The major domestic equity benchmarks posted mixed performance last week, but were mostly lower. The smaller-cap indexes, which are typically more volatile, declined, while some of the larger-cap benchmarks recorded a modest gain. MarketWatch and the WSJ Market Data Group reported that the Dow and the broader S&P 500 had recently experienced their lowest correlation since 2003, due mainly to the larger representation of tech stocks in the S&P.
Trading volumes were predictably very light early in the week, given the abbreviated trading session on Monday and the Fourth of July holiday on Tuesday. Stocks recorded modest gains on the back of those light volumes, with tech shares, which have recently been exceptionally volatile, bouncing back on Wednesday.
Sentiment soured and prices plummeted on Thursday, which caused the S&P 500 to record its worst daily decline since May, although trading volumes remained moderate. The generally accepted reasons were several. U.S. Treasury yields had been higher for seven of the previous eight trading days and minutes from the Federal Reserve’s June meeting, released the previous afternoon, did little to change expectations that a third rate hike was coming this year. Minutes from the recent European Central Bank policy meeting similarly weighed on markets after revealing some discussion about removing their easing bias (see below). Finally, on the geopolitical front, markets were not receptive to President Trump’s warning of “pretty severe things” that could happen in response to North Korea’s successful intercontinental ballistic missile test.
Friday brought the monthly jobs data and some reassuring news that helped stocks regain a bit of ground. The Labor Department reported that employers had added many more jobs than anticipated in June, helping reverse a string of disappointingly small monthly increases. A rising number of aggregate hours worked suggests that labor income is increasing at a more substantial pace. Even the tick up in the unemployment rate, to 4.4 percent, was seen as good news in that it suggests that job-seekers are returning to the job market.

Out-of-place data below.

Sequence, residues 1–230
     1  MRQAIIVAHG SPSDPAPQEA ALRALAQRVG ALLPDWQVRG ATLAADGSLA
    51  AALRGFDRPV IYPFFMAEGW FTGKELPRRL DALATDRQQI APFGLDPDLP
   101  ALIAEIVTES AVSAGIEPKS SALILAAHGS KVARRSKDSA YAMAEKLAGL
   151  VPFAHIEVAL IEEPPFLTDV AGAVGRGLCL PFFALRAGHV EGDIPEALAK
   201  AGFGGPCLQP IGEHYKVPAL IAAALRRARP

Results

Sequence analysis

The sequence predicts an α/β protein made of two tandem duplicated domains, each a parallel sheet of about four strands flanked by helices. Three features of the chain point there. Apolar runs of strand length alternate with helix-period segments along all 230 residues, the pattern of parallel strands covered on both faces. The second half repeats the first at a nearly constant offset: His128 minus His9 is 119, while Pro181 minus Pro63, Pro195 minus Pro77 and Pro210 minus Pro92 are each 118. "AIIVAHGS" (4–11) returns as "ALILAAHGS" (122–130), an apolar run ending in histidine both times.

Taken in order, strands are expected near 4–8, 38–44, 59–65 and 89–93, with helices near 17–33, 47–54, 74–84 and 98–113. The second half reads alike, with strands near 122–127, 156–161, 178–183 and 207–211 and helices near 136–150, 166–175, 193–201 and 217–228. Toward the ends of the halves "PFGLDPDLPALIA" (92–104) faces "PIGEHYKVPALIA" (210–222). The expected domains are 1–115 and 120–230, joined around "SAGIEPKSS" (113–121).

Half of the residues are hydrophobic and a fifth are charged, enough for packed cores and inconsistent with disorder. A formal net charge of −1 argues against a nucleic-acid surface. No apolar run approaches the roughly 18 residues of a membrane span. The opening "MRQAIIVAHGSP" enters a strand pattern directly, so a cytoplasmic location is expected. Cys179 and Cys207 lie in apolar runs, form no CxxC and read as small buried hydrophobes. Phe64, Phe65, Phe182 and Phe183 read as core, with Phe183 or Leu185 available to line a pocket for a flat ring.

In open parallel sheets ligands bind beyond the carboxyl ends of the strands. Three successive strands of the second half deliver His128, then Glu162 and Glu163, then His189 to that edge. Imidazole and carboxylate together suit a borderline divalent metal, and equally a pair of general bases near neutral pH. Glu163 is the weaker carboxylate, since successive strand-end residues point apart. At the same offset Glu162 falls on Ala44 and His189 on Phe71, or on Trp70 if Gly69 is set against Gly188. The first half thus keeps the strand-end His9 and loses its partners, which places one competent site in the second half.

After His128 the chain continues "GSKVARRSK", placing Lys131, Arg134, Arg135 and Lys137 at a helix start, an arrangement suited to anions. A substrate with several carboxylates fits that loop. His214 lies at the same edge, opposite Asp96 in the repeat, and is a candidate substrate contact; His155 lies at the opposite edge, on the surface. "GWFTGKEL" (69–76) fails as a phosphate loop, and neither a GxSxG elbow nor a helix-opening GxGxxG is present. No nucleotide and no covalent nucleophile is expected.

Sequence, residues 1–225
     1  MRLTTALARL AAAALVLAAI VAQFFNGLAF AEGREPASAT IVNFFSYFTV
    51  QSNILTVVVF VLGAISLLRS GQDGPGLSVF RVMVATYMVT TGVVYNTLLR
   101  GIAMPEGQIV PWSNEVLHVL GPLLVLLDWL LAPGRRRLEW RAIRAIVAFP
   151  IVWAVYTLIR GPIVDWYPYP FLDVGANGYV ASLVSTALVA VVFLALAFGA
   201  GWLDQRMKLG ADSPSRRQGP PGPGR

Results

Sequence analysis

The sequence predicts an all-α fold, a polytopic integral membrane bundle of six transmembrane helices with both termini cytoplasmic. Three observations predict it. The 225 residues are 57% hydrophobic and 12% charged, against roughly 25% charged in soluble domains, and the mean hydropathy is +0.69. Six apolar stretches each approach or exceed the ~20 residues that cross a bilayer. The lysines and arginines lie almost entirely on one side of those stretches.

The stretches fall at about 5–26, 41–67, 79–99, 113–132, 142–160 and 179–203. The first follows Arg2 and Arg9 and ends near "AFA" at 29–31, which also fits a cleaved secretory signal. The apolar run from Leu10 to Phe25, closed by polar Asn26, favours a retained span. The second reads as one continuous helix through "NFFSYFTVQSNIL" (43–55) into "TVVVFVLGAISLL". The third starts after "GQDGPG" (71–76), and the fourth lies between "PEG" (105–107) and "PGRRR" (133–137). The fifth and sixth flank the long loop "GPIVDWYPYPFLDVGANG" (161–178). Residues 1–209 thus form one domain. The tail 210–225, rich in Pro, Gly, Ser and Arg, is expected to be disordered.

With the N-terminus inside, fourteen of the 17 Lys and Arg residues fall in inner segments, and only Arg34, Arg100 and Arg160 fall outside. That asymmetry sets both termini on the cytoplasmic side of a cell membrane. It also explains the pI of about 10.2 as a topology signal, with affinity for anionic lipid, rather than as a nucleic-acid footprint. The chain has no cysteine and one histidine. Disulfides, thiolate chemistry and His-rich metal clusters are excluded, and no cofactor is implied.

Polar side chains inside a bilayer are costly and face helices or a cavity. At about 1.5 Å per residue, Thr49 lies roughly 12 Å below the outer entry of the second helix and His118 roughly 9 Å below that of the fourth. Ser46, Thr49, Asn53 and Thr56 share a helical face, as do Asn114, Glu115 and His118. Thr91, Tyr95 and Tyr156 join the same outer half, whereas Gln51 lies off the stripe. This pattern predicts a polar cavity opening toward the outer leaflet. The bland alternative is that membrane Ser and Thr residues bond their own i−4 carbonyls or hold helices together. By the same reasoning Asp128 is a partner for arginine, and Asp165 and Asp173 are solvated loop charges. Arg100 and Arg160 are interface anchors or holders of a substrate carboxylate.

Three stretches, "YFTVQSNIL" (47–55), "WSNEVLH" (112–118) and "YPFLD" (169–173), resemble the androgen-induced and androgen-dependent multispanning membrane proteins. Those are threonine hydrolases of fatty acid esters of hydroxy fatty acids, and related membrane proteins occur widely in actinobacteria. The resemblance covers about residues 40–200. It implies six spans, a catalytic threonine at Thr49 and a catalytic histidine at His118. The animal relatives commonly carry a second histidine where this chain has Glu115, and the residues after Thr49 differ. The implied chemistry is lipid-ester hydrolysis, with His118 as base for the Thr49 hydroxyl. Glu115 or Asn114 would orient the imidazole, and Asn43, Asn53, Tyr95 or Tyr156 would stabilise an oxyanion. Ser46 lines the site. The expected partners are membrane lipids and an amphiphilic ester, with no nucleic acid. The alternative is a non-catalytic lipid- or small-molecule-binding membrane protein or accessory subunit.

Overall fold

While payroll gains were broad-based and boosted by the biggest jump in government jobs in almost a year, wages were below forecasts, even with the jobless rate close to the lowest since 2001. Nevertheless, the report marks a relatively strong finish for the labor market in the second quarter that should support continued gains in consumer spending in the coming months. Fed policy makers raised interest rates last month and reiterated plans to start reducing their balance sheet and increase borrowing costs once more this year.
Longer-term U.S. Treasury yields did not move substantially in response to the jobs report but increased for the week. Moves during the short trading week were the result of mixed economic data, the negative influence of European debt issuance, and volatility in oil prices.
European stock markets ended the week in slightly negative territory – a hangover from a global equity sell-off that followed new signs that central banks could be leaning toward tightening fiscal monetary policy. Minutes from the ECB’s June meeting published on Thursday showed that policymakers had considered whether to withdraw the ECB’s pledge to increase the pace of its bond-buying program if needed to boost the economy. Following the release, 10-year German bund yields increased to over 0.56 percent at Thursday’s close. The Pan-European index Stoxx 600 ended flat for the week.
In Asia, Japanese equities also declined last week. However, Japanese Foreign Minister Fumio Kishida and European Union Trade Commissioner Cecilia Malmström confirmed an outline for an Economic Partnership Agreement. The free trade deal, which stands in stark contrast to President Trump’s promised protectionism, was inked by Prime Minister Shinzo Abe and European Council President Donald Tusk on Thursday after having been in the works since 2013. Although the details of the EPA will not be finalized until later in the year, the agreement is expected to remove tariffs over a multiyear period on 95 percent of traded goods among the participants. That result would be a significant boon to the involved economies and to the markets there.
China’s foreign currency reserves rose for the fifth straight month in June, aided by the government’s efforts to stop money from leaving the country and a weak U.S. dollar. The string of monthly gains in China’s cash reserves shows that Beijing has been largely successful in controlling capital outflows and supporting the yuan in the near term, despite expectations for the currency to weaken over time.